In my writings, I try to bring back a sense of perspective. For me, it’s all about perspective. One of the things that’s inspiring when I go back into the wild is that things are simple. Things are the way they are: There’s nothing ugly, there’s nothing beautiful, there’s nothing wrong, nothing good. Things are what they are, and everyone is trying to figure out their way to survive in that. There is a certain simplicity in all this that is pretty refreshing and inspiring.
The subtitle of The Wild Image Project is “the power of nature to restore the human spirit.” How has nature played a restorative role in your life?
The Japanese have a specific word, shinrin yoku, which translates to “forest bathing.” Like taking a bath in the forest. But it’s the idea that the soul has to go back to its source, has to go back to replenish itself. The wilderness has always been a place of learning, but now we’re so behind city walls, behind the computer screen, and even when we go, it’s always with the camera, we’re not really experiencing the moment or seeing the places. We have our eyes, but we’re not really looking.
It’s amazing, when you start to look around at people. I take the ferry here in San Francisco, and often there are people on the deck of the ferry, and the entire trip from San Francisco to Sausalito, they are constantly looking through their phone, and it’s just really sad, because they are not in the moment. For me, the ultimate consequence of not being in touch with nature is that at the end of the day, you’re not in touch with life. Nature is life. It’s the humility of the process that makes you realize what life is all about. For me, it’s about the connection between us, life, and nature, and if you take out nature, you disconnect yourself from life. Eventually, the string will snap and we’ll wake up and have to re-assess our priorities.
How can people learn to let go of technology and embrace more of nature?
The reality with evolution is that we change when there’s an incentive to change. If there’s no incentive to change, people don’t change. It is one of the underlying problems with the conservation movement right now. They think that just because we know, we will be changing. It’s like how it says on boxes of cigarettes that it will kill you, but people still smoke anyway. You have to have a physical incentive for people to change. When it comes to technology, right now, people’s connection with it is one of pleasure, it creates something that people crave, it makes them feel good. When you go on Facebook, it’s this instant gratification. I post my life on it, and then people acknowledge me. Until there is a place where people start to see consequences that affect their quality of life, people are just going to eat technology up.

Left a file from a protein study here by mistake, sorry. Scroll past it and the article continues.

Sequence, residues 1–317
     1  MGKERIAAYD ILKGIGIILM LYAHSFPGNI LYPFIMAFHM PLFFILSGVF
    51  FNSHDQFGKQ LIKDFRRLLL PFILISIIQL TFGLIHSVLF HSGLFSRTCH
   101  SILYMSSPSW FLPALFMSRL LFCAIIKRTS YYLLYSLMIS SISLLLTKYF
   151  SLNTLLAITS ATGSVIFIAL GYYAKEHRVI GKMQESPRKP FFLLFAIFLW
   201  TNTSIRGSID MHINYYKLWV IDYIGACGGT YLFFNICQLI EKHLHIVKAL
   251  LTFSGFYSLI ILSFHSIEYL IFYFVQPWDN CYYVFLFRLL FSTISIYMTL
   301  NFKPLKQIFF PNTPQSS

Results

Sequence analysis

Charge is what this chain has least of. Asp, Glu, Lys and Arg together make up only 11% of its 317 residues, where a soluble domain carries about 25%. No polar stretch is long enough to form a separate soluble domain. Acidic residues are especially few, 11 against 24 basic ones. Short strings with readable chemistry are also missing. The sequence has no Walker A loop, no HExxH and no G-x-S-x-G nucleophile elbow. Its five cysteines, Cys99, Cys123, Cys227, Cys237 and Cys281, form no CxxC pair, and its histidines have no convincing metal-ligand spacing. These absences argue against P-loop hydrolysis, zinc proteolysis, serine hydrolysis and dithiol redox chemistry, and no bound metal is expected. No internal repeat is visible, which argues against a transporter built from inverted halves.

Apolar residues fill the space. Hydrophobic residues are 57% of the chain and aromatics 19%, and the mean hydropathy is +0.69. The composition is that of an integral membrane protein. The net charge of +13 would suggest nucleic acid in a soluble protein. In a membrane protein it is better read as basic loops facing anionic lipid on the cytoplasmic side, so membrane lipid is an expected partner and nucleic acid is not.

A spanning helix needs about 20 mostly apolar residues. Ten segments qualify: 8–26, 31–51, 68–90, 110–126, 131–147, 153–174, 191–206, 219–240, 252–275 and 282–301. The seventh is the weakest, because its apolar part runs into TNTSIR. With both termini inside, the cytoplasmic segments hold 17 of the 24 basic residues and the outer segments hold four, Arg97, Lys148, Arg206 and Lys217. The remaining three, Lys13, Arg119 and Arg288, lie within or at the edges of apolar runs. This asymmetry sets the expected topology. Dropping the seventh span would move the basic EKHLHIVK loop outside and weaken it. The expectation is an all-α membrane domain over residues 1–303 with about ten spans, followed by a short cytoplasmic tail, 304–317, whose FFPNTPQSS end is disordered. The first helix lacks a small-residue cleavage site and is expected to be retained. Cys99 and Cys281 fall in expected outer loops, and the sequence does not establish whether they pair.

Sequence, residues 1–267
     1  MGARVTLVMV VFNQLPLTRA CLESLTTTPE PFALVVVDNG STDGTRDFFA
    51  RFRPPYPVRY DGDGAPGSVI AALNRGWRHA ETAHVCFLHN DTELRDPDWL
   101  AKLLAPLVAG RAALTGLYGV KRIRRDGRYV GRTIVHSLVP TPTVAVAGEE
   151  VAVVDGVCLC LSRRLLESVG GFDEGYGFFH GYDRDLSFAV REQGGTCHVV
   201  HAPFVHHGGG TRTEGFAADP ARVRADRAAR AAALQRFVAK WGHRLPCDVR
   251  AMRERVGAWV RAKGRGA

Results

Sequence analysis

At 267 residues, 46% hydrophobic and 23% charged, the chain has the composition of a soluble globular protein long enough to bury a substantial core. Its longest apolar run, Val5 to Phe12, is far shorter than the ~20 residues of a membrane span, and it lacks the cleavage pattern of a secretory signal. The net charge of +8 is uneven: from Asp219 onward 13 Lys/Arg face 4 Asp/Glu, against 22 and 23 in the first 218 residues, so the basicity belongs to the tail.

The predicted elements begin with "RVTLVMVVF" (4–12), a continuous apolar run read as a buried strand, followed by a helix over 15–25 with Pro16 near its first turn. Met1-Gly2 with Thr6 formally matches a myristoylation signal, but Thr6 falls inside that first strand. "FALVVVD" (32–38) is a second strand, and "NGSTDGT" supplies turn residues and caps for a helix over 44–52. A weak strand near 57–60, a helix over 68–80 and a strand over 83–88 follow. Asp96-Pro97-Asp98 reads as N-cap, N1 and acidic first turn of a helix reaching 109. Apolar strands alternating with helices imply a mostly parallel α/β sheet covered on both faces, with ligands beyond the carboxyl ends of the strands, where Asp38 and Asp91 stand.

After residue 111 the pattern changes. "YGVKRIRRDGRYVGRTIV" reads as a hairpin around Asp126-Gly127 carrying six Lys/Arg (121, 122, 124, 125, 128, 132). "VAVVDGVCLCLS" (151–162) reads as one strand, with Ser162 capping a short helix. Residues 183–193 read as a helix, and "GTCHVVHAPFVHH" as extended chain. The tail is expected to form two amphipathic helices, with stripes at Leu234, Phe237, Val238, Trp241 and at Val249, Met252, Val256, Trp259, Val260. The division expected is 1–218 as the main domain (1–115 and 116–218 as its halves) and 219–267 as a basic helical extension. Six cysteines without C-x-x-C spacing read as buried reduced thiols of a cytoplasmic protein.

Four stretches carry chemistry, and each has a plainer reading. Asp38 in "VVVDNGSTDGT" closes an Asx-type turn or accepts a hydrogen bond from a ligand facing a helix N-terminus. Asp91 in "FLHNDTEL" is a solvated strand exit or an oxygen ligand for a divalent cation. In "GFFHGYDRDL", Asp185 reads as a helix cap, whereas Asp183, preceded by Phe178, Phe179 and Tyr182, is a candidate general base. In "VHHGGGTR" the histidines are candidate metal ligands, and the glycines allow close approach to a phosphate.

But the hope in all of this is that, independently of what happens in our society or our history, it’s always cyclical. Things come and go— they’re never forever. At the end of the day it’s going to be a question of values and principles. It’s about how we want a world where this is possible, and therefore we’re gonna have to protect. When Roosevelt created the national parks in the U.S., he didn’t do it for financial reasons; he did it because he wanted to be in a country where these places were available.
What’s the next location you'll be capturing?
I’m going to Hawaii in February and will be spending two months diving with whales, kayaking and backpacking on the island of Maui. Then for spring, I’m going to Kodiak island in Alaska and will be there for two months. During late summer, it’s gonna be the Tetons and Yellowstone, and then for the end of the year, I’ll be on the channel islands off of California.
Hilary Packham Twitter: @packdawg4